October is Domestic Violence Awareness month. The effort is focused on building awareness about what is domestic violence, what resources exist for those impacted by it, and the reality that this issue is unfortunately too common in our communities.
As I reflect on the readings for this first Sunday in October, the 27th Sunday in Ordinary Time, it is hard not to read the readings through the lens of someone who experiences domestic violence in their own home. I imagine someone sitting in the pews this Sunday listening to these phrases in our first reading: “How long, O Lord? I cry for help but you do not listen! I cry out to you, “Violence!” but you do not intervene,” and in our second reading: “bear your share of hardship for the gospel with the strength that comes from God.” In our Gospel, we struggle with the story Jesus tells about a servant working at the hands of a seemingly ungrateful master.
These are the types of phrases and readings that can be twisted against those who experience domestic violence. They can be used to keep people from speaking up for their needs. They may silence the laments of those who would cry out to God but feel unheard, or they may confirm to someone “I do not have a right to complain – this is the hardship I bear.”
It is important for preachers, teachers, and all people of faith to draw a distinction between the “demands” God places on us for fidelity to a vision of the Reign of God, and the unfair demands of those who extend violence and intimidate others. Our God does not intimidate us but strengthens us and dignifies us with unconditional love. Even within today’s readings, we can focus on different phrases and themes that align more clearly with the vision of the Reign of God where all have dignity and contribute to the flourishing of the common good. We are not being told to endure violence and hardships because it is God’s will; rather we are being asked to consider what will we do to participate in the Good News.
In our first reading, although Habakkuk is lamenting the impending violence and feeling God has looked away, we need to take heart that God answers him. God is in fact with us, has never left us, and promises a vision of hope. In the second reading, we are told we have not been given “a spirit of cowardice but rather of power and love and self-control.” And again, that “the Holy Spirit dwells within us.” This sense of the Spirit dwelling in us empowers us to value ourselves, to recognize the power we hold, and express the type of love that reflects God. Even in the Gospel, as strange as it seems that the servant is being asked to give more and more, we remember that Jesus himself does this for us out of love; no one demanded it of him or intimidated him into sacrifice. And the same is true of the Gospel’s message for us: What work are we willing to do to participate in the vision of God’s Love? God’s reign is not a vision of sacrificial work under oppression or under intimidation, but of God’s love poured out for us, present to us, and dwelling within us.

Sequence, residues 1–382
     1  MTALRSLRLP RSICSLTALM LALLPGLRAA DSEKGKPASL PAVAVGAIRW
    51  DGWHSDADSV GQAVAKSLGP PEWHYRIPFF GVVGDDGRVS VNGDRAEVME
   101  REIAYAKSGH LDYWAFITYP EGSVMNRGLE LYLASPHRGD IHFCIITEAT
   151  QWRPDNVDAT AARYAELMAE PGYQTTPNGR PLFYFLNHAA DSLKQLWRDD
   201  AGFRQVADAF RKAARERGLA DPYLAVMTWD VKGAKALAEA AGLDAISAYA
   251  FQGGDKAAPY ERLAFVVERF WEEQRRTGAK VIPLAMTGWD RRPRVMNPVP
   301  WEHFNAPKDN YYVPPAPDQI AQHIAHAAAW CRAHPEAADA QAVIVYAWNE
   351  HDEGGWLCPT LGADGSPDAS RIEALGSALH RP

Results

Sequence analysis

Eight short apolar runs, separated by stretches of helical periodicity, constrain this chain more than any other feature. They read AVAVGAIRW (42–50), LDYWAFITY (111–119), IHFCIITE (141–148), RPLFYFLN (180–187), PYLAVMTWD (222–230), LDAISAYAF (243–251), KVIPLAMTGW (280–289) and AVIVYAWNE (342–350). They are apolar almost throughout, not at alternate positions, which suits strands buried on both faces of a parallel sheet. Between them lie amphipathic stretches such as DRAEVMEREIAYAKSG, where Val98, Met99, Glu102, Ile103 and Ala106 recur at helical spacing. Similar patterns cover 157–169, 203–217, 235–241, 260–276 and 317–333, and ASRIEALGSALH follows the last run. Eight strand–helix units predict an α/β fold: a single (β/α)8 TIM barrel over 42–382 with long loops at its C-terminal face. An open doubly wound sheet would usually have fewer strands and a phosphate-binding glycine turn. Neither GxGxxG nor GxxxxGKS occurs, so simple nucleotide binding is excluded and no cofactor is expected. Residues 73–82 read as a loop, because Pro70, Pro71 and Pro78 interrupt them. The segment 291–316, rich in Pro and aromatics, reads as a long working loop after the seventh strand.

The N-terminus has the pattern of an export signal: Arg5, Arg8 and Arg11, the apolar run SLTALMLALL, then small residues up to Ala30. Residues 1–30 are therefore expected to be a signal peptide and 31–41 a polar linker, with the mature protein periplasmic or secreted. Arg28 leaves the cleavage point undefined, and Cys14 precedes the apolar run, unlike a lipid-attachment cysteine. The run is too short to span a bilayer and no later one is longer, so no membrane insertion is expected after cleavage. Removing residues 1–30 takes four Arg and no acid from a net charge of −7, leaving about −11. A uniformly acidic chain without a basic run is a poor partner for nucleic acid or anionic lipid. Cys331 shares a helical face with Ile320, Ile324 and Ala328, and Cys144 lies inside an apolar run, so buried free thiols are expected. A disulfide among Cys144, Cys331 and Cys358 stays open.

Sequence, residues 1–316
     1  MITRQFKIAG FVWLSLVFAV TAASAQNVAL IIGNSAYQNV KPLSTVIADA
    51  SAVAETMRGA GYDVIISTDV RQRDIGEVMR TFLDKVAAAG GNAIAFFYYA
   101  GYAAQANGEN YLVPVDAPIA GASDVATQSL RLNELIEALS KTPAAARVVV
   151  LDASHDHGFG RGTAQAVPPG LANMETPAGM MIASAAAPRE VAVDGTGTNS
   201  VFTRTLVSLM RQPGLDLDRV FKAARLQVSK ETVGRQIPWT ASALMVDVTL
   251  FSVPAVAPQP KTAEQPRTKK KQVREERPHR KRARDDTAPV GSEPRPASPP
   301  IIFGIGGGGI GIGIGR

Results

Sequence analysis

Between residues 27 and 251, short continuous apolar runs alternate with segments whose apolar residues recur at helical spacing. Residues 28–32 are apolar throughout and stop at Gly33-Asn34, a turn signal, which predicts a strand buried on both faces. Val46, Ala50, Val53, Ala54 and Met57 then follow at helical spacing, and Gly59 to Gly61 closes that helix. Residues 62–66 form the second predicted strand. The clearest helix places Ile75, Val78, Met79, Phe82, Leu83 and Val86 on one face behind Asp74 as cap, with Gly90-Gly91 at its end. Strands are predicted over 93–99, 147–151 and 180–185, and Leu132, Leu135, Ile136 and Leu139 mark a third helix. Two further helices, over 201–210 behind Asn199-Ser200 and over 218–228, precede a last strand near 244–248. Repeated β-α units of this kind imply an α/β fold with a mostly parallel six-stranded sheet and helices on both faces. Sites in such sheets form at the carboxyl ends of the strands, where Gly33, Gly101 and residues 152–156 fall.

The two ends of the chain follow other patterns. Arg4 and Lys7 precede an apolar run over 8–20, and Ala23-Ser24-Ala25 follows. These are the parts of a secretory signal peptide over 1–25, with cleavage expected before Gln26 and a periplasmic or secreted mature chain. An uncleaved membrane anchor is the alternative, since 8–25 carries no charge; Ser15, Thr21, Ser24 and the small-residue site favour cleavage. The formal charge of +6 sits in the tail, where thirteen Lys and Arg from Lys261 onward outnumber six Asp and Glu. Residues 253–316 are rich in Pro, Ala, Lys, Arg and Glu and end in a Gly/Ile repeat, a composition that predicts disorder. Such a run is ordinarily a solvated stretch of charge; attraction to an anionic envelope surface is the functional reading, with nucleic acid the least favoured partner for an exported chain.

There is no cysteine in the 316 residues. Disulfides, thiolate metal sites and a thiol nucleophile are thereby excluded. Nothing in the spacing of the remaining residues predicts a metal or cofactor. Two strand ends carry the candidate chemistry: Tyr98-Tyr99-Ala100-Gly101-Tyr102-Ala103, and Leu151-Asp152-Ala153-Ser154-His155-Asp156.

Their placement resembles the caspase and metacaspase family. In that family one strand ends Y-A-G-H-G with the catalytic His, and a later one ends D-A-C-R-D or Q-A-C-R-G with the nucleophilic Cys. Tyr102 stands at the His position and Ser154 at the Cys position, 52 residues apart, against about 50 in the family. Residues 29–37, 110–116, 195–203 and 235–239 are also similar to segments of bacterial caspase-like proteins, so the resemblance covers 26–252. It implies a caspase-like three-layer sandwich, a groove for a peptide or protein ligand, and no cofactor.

We have a promise that each person of the Trinity accompanies us. Our God remains with us, the Spirit dwells within us, and Jesus’ love sustains us. When we think through this amazing promise, we can encourage another to know they are not alone, to remind them that God values their life, they deserve unconditional love.
We are reminded in the second reading to “stir into flame the gift of God.” Let that gift give you strength and let that strength encourage a faith not clouded by violence, but a faith that seeks justice and proclaims the promise of God’s love and devotion.
This October, I encourage you to pay attention to the ways Domestic Violence is discussed in our public, communal and private discourse. Raise your own awareness and share a light of hope with those in your life who may be impacted by domestic violence. Below are some resources to help you in this journey.
The Archdiocese of Chicago Domestic Violence Outreach website has a number of resources including videos from Pope Francis, Cardinal Cupich and many others. Perhaps allow yourself some time this month to listen to these stories and raise your own awareness:
- National Domestic Violence Hotline, 1.800.799.SAFE (7233) (Link)
- Rape, Abuse & Incest National Network (RAINN), 1.800.656.HOPE (4673) (Link)
- Love is Respect, National Teen Dating Abuse Helpline 1.866.331.9474, 1.866.331.8453 TTY You can also chat live online with a trained Peer Advocate from 4 p.m. to 2 a.m. (CST) daily (Link)
- Illinois Domestic Violence Hotline, 1.877.863.6338 (Link)